Scar: Simba’s evil gay uncle?

When it comes to androgyny and non-binary characters in this film, it is worth noting that they all “happen” to be the evil characters: the 3 hyenas and Scar. Scar is clearly a male lion, but as has been noted previously and in many blog posts apart from mine, he is portrayed as basically the “gay evil uncle” owing to his effeminate gestures/speech/appearance that are stereotypically known to be gay markers. Shenzi is presumably female but is never actually referred to as one in the movie–it is something we can only assume from the general tone of the voice. All the hyenas look very similar/are difficult to distinguish other than by voice inflection (it isn’t bad to have androgynous characters: it’s bad that they’re always cast as villains in childrens’ movies).
The characters are animals, but their voices show racist stereotypes. Even though The Lion King takes place in Africa, two white American actors are used for the voice of Simba, the hero. However, the hyenas who are bad characters in the film, speak non-standard English and are played by actors like Whoopi Goldberg and Cheech Marin. The villain, Scar, suggests homosexuality.

While I do agree with some of the observations, many readers have pointed out that the cast is pretty diverse and both good and evil characters have “black” and “white” voices so neither one is necessarily villainized. I don’t think it’s accidental though that Simba/Mufasa/everyone are very bright and light colored, while the Hyenas and Scar are a lot darker. While this has been a traditional coding for good/evil in film, I think it’s pretty obvious for children watching who the good and bad guy is, rendering this device unnecessary. But since it’s still there in the movie it could, rather than being a helpful cue, actually helping to instill subconscious notions of morality relating to the color of your skin.   
Many critics saw a racial subtext to the villainous outsiders, noting that the racialized voices of the hyenas hewed to hackneyed stereotypes of African American and Hispanic threats to nice kids from the suburbs who stray too far from home.

Racialized hyenas?
Don’t get me wrong here: I loved The Lion King when it came out in 1994. I was 5 years old and I wanted that movie on VHS sooo badly that I created this “moving train” of paper characters to show my mom in hopes that she would realize that we had to have it since I loved it enough to create a paper train (so started my life of unnecessarily complicated scheming!). We got it as a gift when my brother was born, and I had a Zazu stuffed toy that I carried everywhere like a doll for a year or two.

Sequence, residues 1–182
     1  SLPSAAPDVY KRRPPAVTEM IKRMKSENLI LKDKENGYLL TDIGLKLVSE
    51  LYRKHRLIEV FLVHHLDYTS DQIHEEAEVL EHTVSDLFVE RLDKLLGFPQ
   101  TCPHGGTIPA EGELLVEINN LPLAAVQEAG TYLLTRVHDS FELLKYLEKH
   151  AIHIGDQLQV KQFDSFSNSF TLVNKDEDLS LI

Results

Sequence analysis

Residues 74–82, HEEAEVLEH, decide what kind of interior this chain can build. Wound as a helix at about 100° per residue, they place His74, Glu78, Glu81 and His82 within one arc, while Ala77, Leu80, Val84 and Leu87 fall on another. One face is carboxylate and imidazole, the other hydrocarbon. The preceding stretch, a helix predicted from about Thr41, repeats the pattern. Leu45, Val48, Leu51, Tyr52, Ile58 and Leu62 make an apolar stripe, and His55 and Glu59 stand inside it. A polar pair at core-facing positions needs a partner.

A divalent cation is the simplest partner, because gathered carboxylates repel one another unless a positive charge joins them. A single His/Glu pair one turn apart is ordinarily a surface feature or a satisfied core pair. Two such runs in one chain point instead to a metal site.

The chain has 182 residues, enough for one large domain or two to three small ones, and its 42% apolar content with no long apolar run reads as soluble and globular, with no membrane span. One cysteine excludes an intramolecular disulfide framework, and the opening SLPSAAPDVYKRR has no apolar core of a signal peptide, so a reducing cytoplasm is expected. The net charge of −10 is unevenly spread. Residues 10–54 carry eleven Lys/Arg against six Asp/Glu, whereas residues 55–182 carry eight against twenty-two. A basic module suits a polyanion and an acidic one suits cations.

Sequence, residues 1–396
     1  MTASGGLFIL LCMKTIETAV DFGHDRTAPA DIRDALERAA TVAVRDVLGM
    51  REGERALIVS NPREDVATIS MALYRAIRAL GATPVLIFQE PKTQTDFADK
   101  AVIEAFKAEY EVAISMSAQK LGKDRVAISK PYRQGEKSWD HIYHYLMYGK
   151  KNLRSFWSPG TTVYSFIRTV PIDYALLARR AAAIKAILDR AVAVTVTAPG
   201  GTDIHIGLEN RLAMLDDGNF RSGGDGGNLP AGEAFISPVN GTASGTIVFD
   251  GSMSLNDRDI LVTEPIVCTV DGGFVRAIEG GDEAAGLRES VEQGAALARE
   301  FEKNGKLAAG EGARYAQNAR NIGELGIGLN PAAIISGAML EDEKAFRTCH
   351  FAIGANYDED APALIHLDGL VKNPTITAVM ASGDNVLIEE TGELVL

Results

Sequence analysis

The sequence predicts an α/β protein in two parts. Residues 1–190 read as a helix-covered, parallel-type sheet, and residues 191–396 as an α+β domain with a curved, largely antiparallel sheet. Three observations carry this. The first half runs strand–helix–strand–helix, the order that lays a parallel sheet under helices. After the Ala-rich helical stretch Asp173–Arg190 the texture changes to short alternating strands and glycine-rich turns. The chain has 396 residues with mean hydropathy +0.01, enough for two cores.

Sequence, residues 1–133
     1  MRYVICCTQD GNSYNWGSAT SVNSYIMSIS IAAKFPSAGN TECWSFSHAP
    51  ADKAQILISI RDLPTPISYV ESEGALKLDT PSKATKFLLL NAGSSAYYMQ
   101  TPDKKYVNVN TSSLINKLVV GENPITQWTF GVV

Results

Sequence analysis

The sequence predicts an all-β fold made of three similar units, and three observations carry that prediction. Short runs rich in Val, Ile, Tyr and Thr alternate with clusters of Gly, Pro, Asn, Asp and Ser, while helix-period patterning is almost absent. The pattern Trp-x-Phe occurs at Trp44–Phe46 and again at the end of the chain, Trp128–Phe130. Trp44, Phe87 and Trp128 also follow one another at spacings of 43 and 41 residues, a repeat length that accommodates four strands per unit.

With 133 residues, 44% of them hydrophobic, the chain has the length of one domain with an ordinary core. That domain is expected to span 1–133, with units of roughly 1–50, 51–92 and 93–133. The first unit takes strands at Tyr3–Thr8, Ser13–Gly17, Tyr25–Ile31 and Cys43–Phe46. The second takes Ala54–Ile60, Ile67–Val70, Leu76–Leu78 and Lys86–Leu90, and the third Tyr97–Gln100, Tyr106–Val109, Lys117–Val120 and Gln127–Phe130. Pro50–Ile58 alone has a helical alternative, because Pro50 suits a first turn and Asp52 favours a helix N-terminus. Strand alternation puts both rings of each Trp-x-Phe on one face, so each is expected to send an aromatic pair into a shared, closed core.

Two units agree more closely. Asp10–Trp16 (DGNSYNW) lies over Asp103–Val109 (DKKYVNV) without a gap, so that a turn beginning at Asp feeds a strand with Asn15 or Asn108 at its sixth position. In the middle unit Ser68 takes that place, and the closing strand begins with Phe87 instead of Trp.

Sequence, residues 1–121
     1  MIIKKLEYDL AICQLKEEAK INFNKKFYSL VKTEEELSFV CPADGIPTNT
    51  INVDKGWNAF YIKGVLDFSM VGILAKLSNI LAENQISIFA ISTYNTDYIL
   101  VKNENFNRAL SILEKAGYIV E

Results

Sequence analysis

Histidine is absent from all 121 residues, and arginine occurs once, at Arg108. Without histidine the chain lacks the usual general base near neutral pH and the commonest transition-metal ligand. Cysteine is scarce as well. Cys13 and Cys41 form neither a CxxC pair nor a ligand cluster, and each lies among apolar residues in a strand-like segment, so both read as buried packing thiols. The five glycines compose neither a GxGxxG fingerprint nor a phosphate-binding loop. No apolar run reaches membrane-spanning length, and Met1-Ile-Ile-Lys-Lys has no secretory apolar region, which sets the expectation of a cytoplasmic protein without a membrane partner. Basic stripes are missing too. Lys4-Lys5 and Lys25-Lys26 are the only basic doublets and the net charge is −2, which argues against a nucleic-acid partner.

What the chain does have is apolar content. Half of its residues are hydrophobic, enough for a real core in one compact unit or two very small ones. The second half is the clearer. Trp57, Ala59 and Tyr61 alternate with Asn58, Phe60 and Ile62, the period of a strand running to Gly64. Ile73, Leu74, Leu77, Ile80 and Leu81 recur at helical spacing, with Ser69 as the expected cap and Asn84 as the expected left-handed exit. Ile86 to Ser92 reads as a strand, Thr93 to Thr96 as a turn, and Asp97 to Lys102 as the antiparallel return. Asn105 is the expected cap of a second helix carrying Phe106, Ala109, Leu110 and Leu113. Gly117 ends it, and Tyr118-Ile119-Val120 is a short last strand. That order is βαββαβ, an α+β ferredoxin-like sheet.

So yeah, it’s a great film, but that doesn’t make it a great feminist film.
Promotion/Equal Voice given to women: *
Representation of Women present (are they more than typecasts of female stereotypes etc): ***
Racism/Classism: **
LGBTQ representation: *~ (1.5)
Gender Binary adherence: *~

FeministDisney runs a tumblr blog of the same name that seeks to deconstruct and examine Disney through a feminist lens.  FD is a Disney fan, which is why she finds it necessary to discuss how Disney narratives can be both groundbreaking and problematic.  She identifies as a feminist, an artist and a cat lover.


  • Posted November 29, 2011 at 7:57 pm | Permalink

    I love FeministDisney! Her posts are great and always well thought out. Also, she takes time to answer questions people might have, and she does so in a patient and experienced manner. Definitely follow her.

  • Posted November 29, 2011 at 8:45 pm | Permalink

    for FD’s mom- I am the second reader 😛 And this review is, as always, awesome!

  • Posted November 29, 2011 at 11:56 pm | Permalink

    This is FD’s Mom! Keep reading and commenting. (:
    Always enlightening and thought-provoking.

  • Posted November 30, 2011 at 3:12 am | Permalink

    Big fan of FD! She’s like an awesome Feminist Yoda who guides people into the light.